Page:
A liraglutide-induced weight reduction of 1.9kg was not associated with change in creatinine. Accordingly, there was no change in weight-independent estimates of GFR, whereas weight-dependent estimates were changed. The MDRD and CKD-EPI equations can be used in patients experiencing pharmaceutically induced weight reductions.
Available from: Kristy Heppner
- " remains in circulation ( Knudsen et al . , 2000 ) . The half - life for liraglutide is about 10 – 14 h in humans ( Agerso et al . , 2002 ) and is recommended for once - daily administration . Both exenatide ( DeFronzo et al . , 2005 ; Heine et al . , 2005 ; Moretto et al . , 2008 ; Norris et al . , 2009 ) and liraglutide ( Astrup et al . , 2009 ; Garber et al . , 2009 ; Niswender et al . , 2013 ; Lean et al . , 2014 ) significantly improve glycemic control and cause a significant body weight loss in T2DM patients . Gastrointestinal side effects including nau - sea and vomiting have been reported with both exenatide and liraglutide treatment although these side effects are often tran - sient and occur"
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ABSTRACT: Glucagon-like peptide-1 (GLP-1) enhances meal-related insulin secretion, which lowers blood glucose excursions. In addition to its incretin action, GLP-1 acts on the GLP-1 receptor (GLP-1R) in the brain to suppress feeding. These combined actions of GLP-1R signaling cause improvements in glycemic control as well as weight loss in type II diabetes (T2DM) patients treated with GLP-1R agonists. This is a superior advantage of GLP-1R pharmaceuticals as many other drugs used to treat T2DM are weight neutral or actual cause weight gain. This review summarizes GLP-1R action on energy and glucose metabolism, the effectiveness of current GLP-1R agonists on weight loss in T2DM patients, as well as GLP-1R combination therapies.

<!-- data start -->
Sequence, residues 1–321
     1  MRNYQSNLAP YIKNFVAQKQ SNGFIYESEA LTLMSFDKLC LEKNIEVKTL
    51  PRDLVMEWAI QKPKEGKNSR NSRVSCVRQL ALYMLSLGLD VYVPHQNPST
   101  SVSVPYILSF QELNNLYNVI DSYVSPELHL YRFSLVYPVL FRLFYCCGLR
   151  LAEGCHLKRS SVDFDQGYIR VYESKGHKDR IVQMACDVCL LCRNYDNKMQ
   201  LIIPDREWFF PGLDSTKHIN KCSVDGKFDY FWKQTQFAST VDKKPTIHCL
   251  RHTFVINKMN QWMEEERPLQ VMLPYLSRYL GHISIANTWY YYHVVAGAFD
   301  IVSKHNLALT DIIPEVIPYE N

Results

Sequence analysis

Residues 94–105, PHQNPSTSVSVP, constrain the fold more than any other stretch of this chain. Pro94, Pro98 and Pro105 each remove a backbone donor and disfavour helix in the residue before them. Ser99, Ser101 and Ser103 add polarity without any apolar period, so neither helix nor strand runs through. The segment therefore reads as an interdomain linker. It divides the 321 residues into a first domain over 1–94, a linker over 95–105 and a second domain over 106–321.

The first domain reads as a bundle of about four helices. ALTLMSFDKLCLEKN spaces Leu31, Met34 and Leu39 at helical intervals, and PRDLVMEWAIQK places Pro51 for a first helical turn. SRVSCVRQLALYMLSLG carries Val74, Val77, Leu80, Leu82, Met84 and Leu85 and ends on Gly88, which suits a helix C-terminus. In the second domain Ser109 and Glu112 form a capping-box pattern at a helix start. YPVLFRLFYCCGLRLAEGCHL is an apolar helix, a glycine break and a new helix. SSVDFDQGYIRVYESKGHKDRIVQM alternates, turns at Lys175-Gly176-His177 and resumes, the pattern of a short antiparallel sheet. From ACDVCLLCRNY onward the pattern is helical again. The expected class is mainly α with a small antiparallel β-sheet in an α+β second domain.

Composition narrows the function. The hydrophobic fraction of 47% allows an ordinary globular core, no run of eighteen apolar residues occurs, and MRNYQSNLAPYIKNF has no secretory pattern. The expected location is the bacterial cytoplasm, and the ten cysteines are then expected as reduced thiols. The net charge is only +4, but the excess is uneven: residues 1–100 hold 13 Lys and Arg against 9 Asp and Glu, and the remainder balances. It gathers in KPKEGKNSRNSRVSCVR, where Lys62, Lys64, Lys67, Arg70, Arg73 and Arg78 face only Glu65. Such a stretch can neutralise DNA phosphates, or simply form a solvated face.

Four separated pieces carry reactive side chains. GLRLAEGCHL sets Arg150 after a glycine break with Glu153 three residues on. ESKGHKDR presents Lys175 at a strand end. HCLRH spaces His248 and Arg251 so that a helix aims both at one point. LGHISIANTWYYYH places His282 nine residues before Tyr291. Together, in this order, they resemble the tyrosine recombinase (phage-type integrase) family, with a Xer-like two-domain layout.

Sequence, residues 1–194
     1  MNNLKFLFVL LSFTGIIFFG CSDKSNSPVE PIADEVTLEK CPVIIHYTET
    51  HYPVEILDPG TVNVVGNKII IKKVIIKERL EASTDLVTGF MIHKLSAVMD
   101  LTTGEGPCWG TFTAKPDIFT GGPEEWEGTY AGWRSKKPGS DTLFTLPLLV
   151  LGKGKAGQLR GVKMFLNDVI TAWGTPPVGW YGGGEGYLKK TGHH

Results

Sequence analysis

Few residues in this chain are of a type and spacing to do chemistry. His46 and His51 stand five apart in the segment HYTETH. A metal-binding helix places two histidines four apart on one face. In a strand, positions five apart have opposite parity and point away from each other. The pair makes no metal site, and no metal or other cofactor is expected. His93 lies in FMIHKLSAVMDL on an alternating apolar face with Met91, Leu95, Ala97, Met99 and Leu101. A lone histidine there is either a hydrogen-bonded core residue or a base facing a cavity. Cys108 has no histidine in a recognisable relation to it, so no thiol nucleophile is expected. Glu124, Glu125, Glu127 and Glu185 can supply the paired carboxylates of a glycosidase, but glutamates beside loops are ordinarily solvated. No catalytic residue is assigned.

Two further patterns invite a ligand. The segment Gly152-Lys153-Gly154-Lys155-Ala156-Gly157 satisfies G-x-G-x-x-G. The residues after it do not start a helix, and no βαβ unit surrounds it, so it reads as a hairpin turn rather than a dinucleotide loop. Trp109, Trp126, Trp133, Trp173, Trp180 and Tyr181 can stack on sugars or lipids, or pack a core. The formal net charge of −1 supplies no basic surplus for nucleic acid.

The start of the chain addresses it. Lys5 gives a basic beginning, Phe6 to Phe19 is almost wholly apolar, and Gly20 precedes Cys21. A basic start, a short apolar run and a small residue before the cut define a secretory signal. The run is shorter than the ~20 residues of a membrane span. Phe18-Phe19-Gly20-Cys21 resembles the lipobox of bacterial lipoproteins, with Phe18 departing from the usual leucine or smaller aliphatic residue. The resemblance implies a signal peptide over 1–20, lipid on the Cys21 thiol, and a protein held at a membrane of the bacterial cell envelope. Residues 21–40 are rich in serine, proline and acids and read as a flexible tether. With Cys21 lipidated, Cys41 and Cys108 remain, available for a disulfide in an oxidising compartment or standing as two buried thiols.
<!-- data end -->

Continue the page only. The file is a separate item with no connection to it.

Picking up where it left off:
Available from: Edward Emery
- "Gut hormones play essential roles in a wide range of metabolic functions such as the regulation of food absorption, appetite, and glucose homeostasis . As a consequence, drugs that enhance GLP-1 action are now widely used in the treatment of T2DM (Garber et al., 2009; Nauck et al., 2009; Zinman et al., 2009) and are under investigation for the treatment of obesity (Marre et al., 2009). Attention is also turning toward the enteroendocrine L cells themselves and whether they could be targeted for the treatment of obesity and diabetes. "
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ABSTRACT: It has long been speculated that metabolites, produced by gut microbiota, influence host metabolism in health and diseases. Here, we reveal that indole, a metabolite produced from the dissimilation of tryptophan, is able to modulate the secretion of glucagon-like peptide-1 (GLP-1) from immortalized and primary mouse colonic L cells. Indole increased GLP-1 release during short exposures, but it reduced secretion over longer periods. These effects were attributed to the ability of indole to affect two key molecular mechanisms in L cells. On the one hand, indole inhibited voltage-gated K+ channels, increased the temporal width of action potentials fired by L cells, and led to enhanced Ca2+ entry, thereby acutely stimulating GLP-1 secretion. On the other hand, indole slowed ATP production by blocking NADH dehydrogenase, thus leading to a prolonged reduction of GLP-1 secretion. Our results identify indole as a signaling molecule by which gut microbiota communicate with L cells and influence host metabolism